Also, if you kill someone, it is YOU who will live with that mistake for the rest of your life. I met a cop decades ago who made a mistake and shot a horse in the head and the bullet ricocheted and hit and killed a cop. He told me that the last thought he had every night before he fell asleep was reliving that incident – and it was also the first thought he had every morning and how many times he contemplated suicide – that is an extremely difficult burden to bear. I have heard similar stories about cops who mistakenly killed a suspect, a witness, or a bystander.

every day should be a training day

With all of this in mind, what can you do? YOU have got to make every day a training day and you must focus your efforts on the specific tasks in your specific job description that have the highest probability of ending up in tragedy.

In my live programs, I mention “core critical tasks” – aka “very risky, done very rarely with no time to think.” These are the tasks that concern me, but the good news is that they are very few in number. In any given job description in law enforcement operations, there are “less than a dozen” of these “high-risk, low-frequency, non-discretionary time tasks.”

Please make it your goal to identify these specific tasks in your specific job and train, train, train on those tasks. I know this is not required by law or policy but remember that minimum standards are simply that – minimum standards. Our public deserves better than minimum standards. Our personnel deserves better than minimum standards. The law enforcement profession deserves better than minimum standards. You and I can do nothing to increase initial training or ongoing training, but we can individually make a commitment to improving our individual performance.

Make excellence the norm

Dr. Tony Kern is the smartest person I have ever met – seriously! He has a book out called “Going Pro – The Deliberate Practice of Professionalism.” He preaches that we must make “excellence the norm and not the deviation.” In his book, he proposes a “six-step approach” to achieving this goal. The steps are:

  • Vocational excellence
  • Professional ethics
  • Continuous improvement
  • Professional engagement
  • Professional image
  • Selflessness

When I look at a group of cops sitting in front of me in a lecture, I know there are three types of people present:

  • Some – fortunately, a very small group – do not want to be there. They were directed to be there, and they already know the day will be a waste of time.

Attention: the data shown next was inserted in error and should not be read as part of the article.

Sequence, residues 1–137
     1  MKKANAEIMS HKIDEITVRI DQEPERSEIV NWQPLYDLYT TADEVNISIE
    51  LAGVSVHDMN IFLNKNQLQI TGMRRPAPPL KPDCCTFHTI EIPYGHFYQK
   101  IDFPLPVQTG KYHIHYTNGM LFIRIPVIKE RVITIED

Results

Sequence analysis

• Most of the group in front of me wants to be there and they will pay attention and do what they are told to do.
  • And then there is the third group. They are the people who really want to be there and want to learn something where they can go back to work and change the world for the better.

My guess is most of the people reading this writing fall into the last group – you regularly read Police1 and other sources of information and you want to make things better – personally and organizationally. Each of us is responsible for “police reform.” It starts with your commitment as an individual to understand that we have to get better at what we do. If each member of law enforcement committed to “make excellence the norm and not the deviation” we would make things so much better.

Please make every day a training day and focus it on the “core critical tasks.” Make sure that the training includes fully understanding the policies associated with the given task. If you are a supervisor or manager, please identify the core critical tasks in your unit – and get your people training every day so we can continually improve our operations.

Thanks for reading this and please continue to work safely.

NEXT: Roundup: How police training is being reformed

Gordon Graham has been actively involved in law enforcement since 1973. He spent nearly 10 years as a very active motorcycle officer while also attending Cal State Long Beach to achieve his teaching credential, USC to do his graduate work in Safety and Systems Management with an emphasis on Risk Management, and Western State University to obtain his law degree. In 1982 he was promoted to sergeant and also admitted to the California State Bar and immediately opened his law offices in Los Angeles.